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Choom Cracks BC Retail Market

Earlier this month, Alberta-based retailer Choom opened its flagship store in Vancouver’s Olympic Village, but it didn’t come without its challenges. Even as the country reels from the effects of a global pandemic, the Choom team opened the doors on May 15 to welcome customers from a safe distance.

Like many businesses opening during this time, they had to strike a balance between the celebration they wanted and what was safe for the public.

“We didn’t want to create too much of a crowd that would put people at risk,” says Corey Gillon, Choom’s CEO, “We want to generate traffic, like any business, but to do it in a socially responsible way.”

Unlike other budding cannabis stores, Choom luckily didn’t run into too many snags when it comes to construction delays or hiring issues, but hit a roadblock at the licensing phase. According to Gillon, it seemed to take longer to get the ball rolling with BC regulators than other provinces, but once it got going things happened quickly.

Becoming a cannabis retailer in BC has been quite difficult for national players to get into, seemingly, because of BC’s tied-house rule. This is when the applicant for a retail licence has a direct connection with a federally licensed producer, and it will get your application denied.

Gillon is proud to be allowed to open up a store in the much-coveted territory. “I think it helps differentiate us from some of the more significant players in the industry, because they have yet to crack the code to BC,” he says. “It’s almost like a protected trade area.”

Their location in Olympic Village is the cream of the crop for downtown Vancouver. According to Gillon, the busy street sees upwards of 60,000 cars every day and lots of foot traffic from young professionals working in the area. The company plans to build out a halo effect from that point, expanding into Yaletown, Kitsilano, and Coal Harbour.

Despite Choom’s headquarters being located in Vancouver, they do most of their business in Alberta, focusing on population centres outside of major cities, where there is a vastly different type of consumer.

“The consumer behaviour in Vancouver is a customer that is very well educated–a young professional–and there is a strong legacy market from both black and grey markets,” Gillon describes. “It’s a sophisticated customer that we anticipated in many ways, and have seen so far in the store, as well as from the diversification of purchasing patterns.”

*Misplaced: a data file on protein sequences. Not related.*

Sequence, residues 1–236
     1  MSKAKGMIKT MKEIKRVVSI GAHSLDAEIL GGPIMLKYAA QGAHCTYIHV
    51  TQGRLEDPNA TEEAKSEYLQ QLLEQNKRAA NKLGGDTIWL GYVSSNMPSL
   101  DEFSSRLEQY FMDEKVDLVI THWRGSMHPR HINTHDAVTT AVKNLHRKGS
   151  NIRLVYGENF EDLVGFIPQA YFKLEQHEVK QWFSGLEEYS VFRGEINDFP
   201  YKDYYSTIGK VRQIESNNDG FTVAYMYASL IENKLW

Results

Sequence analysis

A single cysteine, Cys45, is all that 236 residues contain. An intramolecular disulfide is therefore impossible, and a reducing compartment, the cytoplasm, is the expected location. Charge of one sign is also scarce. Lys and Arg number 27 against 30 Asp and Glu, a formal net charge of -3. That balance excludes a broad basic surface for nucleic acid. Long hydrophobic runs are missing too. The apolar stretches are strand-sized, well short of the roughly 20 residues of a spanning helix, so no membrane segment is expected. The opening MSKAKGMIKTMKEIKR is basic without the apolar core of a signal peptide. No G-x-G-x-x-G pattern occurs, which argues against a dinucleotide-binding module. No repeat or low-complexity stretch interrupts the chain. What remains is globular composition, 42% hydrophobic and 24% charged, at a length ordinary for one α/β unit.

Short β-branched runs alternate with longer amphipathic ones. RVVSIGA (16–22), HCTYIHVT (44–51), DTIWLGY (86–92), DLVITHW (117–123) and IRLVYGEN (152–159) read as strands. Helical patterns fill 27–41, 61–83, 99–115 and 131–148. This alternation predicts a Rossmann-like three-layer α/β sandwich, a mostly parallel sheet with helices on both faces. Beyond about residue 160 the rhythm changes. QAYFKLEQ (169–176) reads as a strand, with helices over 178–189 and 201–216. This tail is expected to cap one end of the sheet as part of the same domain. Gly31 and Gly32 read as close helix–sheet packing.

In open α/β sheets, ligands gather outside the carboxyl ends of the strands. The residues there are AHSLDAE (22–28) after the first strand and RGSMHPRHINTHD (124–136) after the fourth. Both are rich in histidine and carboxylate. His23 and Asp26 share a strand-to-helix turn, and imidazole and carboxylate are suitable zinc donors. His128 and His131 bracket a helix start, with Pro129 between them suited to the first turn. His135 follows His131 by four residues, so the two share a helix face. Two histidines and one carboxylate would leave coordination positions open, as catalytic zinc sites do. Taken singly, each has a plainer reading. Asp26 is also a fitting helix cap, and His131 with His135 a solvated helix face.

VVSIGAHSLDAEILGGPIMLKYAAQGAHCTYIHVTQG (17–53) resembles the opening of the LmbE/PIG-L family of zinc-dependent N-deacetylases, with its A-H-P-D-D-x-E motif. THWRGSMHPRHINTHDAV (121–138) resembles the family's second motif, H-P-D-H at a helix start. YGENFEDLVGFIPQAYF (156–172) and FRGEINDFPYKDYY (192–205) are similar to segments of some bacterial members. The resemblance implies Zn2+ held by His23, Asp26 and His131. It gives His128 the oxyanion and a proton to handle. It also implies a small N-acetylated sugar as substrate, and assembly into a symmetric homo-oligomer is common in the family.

He notes that the customers they are seeing so far in Olympic Village tend towards premium flower and vape products, looking to spend a little more on higher-quality and try out new products.

Diversification is good for a business, and according to Gillon, choice is one of the main things that Choom brings to the neighbourhood. Not only that, but the store provides legal access to an area that is surprisingly lacking.

“The retail cannabis sector is just starting to emerge,” he says, referring not just to the BC market, but the national one as well. “There is a significant amount of demand and there isn’t a large enough network of retail stores to meet that demand.”

Choom has major plans for the future and as more brands like theirs emerge and grow and provide their unique take on the industry, Canada could cement its place as the role model for cannabis legalization worldwide. Gillon concedes that there is still a lot of work to do to provide access to legal cannabis for everyone and a long road ahead before the industry manages to iron out the kinks.

“It’s not without its bumps and hurdles, but like with most organizations in the sector, it was easy to stumble out of the gates, but you really need to be agile and make sure you’ve got your helmet on.”

Photo credit: Luke Potter